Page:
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Federal Eye
Posted at 02:26 PM ET, 04/13/2012

Ex-GSA buildings chief called Vegas spending spree ‘managerial lapse’

After receiving details on the lavish spending and questionable contracts made during a 2010 Las Vegas conference organized by one of
The GSA’s 2010 Las Vegas conference cost the federal government $823,000. (Isaac Brekken - AP)
his senior managers, the former public buildings chief for the General Services Administration lightly reprimanded the manager, calling the mistakes a “managerial lapse.”

Robert Peck said in a letter to staff member Jeff Neely last summer that he found the four-day training conference’s general sessions “to be creative and professional presentations on important issues that we deal with in the Public Buildings Service.” He added that the event, held for 300 managers and staff at a luxury hotel that October, “appears to have been an effective means of informing the attendees about [Public Buildings Service] programs and policies and of facilitating an exchange of best business practices.” The tab for the conference was $823,000.

Peck then referred to an earlier briefing last May by the GSA inspector general, who was investigating the conference and issued a highly critical final report last week.

“Given that you had executive oversight of this [conference’s] planning and execution, you could and should have exercised better judgement concerning these expenditures,” Peck concluded in the letter. “You have served GSA as a senior manager long and well. This instance appears to reflect a managerial lapse which I expect will not be repeated.”

Peck also signed off on a $9,000 bonus for Neely last year — approved by the head of the GSA, Martha Johnson — over the objections of a
Martha Johnson resigned this month as head of the General Services Administration in the wake of a scandal over an agency spending spree in Las Vegas in 2010. (Michelle Farrell - via Bloomberg)
committee that reviews bonuses for Senior Executive Service leaders.

The letter was released Friday by the office of Rep. Darrell Issa (R-Calif.), chairman of the House Committee on Oversight and Government Reform. On Monday, Issa is to convene the first of four congressional hearings on the spending scandal. Peck, a fixture in the Washington area real estate community who was in his second stint at GSA, is expected to testify on Tuesday about his conduct surrounding the “Western Regions” conference.

Peck did not immediately respond to requests for comment on Friday.

The inspector general’s final report on the event, released last week, gave a harsh assessment of what took place during the conference. Included on the report’s list of questionable spending were $75,000 for a “team-building” exercise, $146,000 on food and drinks and $31,208 for the “networking” reception.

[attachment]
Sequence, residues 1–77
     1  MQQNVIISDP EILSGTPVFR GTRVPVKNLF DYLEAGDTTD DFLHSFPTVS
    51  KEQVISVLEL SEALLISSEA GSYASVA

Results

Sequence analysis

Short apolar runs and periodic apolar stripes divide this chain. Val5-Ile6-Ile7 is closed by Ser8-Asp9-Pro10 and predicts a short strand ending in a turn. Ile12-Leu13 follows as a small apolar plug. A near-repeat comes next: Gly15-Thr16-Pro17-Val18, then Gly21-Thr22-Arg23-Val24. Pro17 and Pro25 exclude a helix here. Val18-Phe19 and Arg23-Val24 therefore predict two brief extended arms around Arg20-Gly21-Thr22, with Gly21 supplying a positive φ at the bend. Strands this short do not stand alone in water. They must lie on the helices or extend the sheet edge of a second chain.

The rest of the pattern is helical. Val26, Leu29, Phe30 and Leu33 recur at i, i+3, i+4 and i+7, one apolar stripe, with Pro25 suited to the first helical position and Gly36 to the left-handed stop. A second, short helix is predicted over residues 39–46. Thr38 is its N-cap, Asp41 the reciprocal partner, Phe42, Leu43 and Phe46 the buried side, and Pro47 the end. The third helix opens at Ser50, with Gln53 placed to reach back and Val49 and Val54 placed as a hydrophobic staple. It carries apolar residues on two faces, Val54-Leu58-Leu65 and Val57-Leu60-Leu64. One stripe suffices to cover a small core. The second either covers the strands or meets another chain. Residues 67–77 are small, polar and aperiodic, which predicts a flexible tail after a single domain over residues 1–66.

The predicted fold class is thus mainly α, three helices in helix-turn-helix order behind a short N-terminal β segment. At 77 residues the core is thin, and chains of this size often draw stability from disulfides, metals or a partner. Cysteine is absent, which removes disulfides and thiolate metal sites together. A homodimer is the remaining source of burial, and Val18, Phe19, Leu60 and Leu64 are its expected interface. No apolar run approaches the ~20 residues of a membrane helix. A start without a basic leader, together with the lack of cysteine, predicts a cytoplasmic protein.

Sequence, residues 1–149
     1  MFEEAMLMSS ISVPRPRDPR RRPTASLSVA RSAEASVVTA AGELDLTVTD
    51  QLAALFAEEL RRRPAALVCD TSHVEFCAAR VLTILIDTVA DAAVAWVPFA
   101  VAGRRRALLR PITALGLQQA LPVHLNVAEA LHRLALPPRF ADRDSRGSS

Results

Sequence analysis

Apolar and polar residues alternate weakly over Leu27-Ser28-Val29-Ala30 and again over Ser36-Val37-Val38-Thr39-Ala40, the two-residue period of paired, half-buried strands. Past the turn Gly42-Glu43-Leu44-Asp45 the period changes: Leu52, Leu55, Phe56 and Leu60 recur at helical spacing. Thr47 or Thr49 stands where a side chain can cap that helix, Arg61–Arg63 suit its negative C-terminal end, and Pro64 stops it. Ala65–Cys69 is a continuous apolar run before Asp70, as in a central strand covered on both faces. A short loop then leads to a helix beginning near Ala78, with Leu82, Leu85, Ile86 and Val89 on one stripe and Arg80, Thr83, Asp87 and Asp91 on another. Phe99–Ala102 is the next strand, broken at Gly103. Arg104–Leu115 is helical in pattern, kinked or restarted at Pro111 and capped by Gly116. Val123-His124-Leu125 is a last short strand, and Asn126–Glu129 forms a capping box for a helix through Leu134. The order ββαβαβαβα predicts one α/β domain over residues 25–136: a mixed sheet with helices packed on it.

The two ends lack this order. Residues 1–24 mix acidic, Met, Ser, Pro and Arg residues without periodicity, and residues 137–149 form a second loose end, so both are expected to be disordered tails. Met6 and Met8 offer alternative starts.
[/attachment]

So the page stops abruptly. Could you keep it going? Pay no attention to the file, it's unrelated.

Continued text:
The scandal prompted the resignation of Johnson and the firing of Peck and another senior adviser to Johnson. Five top managers, including Neely, the acting chief of GSA’s Pacific Rim operation, have been placed on administrative leave.

Peck’s reprimand to Neely was strongly condemned by the agency deputy administrator who first reported the abuses to the inspector general.

In an e-mail in July 2011, also released Friday by Issa, Susan Brita told Peck that his letter to Neely “should have been crafted” while considering what a Washington Post story would say about the conference.

“If this story of GSA (federal workers) spending “almost a million dollars” (and I have no doubt that is how the Post would report the event) at a time of high unemployment, and down economy were to hit the press what would public reaction be, what would congressional reaction be, and how would the agency respond (especially the political leadership)?” Brita wrote. “Jeff is a seasoned SES who is expected to display the highest standards of common sense, and prudent financial management. He did neither. Sorry, but your letter is not even a slap on the wrist.”

Peck also is under scrutiny for organizing and hosting a private reception at the conference in his loft suite.

In an Oct. 26, 2010, e-mail to Neely, Peck invited top managers in attendance to an impromptu reception. He asked Neely to invite 80 managers.

“I’m only going to have limited refreshments, or I’d just throw the doors open to everyone here. Need to hold it to about 80 folks,” he wrote.

Peck charged $2,094 for food and drinks, according to an in-room dining receipt obtained by The Washington Post.

By and Timothy R. Smith  |  02:26 PM ET, 04/13/2012

 
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